Adam R. Pope

Blog


Power Chords

I've been learning how to play guitar, finally, after attempting to learn and failing as a teen. You could say I'm living the dream, in my 30s. Being cheap and also stubborn, I've primarily been self-taught in my learning. For a few years, that has primarily meant that I know the cowboy chords and the minor pentatonic scale. Lately, I've branched out.

A few weeks ago, I started listening to a podcast that I highly recommend: Music Student 101. It has been a revelation for me, as I've been attempting to learn intervals and ear training, and this podcast very quickly connected the two with major and minor scales.

I've been fascinated with the major scale because my knowledge has been previously limited to the minor pentatonic. My playing has a bad habit of falling into that scale, and making me sound like a bad dad rock meme. So, I've been working a lot moving between the various positions of the major scale.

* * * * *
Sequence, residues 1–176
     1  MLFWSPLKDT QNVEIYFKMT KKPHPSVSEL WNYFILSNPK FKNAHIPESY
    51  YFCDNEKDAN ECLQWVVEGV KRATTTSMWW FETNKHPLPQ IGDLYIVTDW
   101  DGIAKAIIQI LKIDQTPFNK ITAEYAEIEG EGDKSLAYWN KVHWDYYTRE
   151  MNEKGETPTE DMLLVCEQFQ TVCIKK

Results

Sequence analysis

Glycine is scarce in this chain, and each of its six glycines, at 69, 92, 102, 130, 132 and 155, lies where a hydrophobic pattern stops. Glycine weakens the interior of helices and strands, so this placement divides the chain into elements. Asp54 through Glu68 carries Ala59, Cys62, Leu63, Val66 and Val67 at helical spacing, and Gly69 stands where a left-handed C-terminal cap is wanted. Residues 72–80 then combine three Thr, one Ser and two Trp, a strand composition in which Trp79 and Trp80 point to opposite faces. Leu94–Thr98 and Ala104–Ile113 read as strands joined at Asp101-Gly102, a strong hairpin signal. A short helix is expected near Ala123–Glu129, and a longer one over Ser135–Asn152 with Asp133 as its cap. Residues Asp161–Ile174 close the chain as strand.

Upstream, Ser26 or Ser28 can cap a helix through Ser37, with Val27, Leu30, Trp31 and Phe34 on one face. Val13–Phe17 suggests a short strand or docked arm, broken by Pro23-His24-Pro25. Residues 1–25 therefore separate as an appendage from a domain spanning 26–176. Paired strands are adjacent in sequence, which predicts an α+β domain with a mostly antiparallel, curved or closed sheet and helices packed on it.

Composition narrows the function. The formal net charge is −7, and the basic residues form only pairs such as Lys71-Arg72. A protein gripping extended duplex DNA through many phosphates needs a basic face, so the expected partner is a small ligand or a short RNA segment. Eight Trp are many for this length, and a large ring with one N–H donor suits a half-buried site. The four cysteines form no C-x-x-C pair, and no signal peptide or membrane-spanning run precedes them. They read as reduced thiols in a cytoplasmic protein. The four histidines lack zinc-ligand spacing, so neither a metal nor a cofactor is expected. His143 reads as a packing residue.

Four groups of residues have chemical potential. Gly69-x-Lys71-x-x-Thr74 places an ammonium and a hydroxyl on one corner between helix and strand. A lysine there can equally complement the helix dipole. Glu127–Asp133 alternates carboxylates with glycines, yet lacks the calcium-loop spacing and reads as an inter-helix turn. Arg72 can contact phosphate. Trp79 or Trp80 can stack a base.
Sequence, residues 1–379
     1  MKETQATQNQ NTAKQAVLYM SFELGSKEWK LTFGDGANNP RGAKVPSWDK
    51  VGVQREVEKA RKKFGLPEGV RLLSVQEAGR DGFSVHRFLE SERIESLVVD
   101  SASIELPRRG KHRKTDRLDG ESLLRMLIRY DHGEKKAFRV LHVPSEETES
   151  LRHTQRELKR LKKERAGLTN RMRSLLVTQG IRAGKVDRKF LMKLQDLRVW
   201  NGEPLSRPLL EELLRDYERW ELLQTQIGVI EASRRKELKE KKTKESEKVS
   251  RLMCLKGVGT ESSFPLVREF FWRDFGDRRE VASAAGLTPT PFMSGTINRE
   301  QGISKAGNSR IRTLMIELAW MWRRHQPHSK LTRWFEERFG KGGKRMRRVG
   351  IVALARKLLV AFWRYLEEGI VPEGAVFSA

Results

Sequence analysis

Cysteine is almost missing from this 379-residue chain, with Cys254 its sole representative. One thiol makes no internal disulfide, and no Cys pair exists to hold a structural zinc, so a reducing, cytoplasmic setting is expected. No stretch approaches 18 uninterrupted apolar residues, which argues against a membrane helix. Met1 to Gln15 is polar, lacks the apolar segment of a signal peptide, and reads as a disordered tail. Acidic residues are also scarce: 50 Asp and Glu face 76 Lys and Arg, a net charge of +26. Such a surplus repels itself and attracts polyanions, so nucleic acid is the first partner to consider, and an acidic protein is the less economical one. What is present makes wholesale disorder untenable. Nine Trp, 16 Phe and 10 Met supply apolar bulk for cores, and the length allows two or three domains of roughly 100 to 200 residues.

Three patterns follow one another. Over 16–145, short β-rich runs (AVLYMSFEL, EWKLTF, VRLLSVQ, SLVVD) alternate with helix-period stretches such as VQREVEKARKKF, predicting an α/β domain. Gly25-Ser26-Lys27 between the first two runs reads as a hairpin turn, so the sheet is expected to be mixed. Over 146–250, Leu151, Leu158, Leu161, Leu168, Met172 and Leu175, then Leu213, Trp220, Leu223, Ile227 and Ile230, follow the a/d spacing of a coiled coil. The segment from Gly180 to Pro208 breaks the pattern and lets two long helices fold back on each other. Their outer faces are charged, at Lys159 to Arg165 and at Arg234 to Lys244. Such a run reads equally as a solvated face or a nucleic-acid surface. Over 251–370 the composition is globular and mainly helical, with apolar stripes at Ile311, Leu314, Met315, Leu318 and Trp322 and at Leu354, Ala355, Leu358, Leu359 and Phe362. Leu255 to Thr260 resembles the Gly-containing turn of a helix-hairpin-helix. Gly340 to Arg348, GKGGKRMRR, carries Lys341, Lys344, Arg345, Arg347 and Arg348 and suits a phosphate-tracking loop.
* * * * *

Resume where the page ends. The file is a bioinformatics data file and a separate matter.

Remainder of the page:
A few days ago, I happened to notice that the first and fifth position sounded quite good together. I then tried playing them together as a mini chord, and I suddenly realized I'd "discovered" power chords.

You see, most of my power chord playing (all of it, if we're honest) has been inverted 4th power chords. Something like playing the 5th fret on two adjacent strings. Basically, Smoke on the Water. I'd never learned the normal style of power chord. And so, thanks to the magic of self-directed learning, I ended up bumping into them while playing around with the major scale.

Now, you might wonder how I've played this long without learning these chords. Fair question. The answer is that most of the music I have learned and wanted to learn has been full chord music or single notes. Never really ventured into power chord territory besides chugging on EA with inverted 4th chords.

Fuzz is always the answer.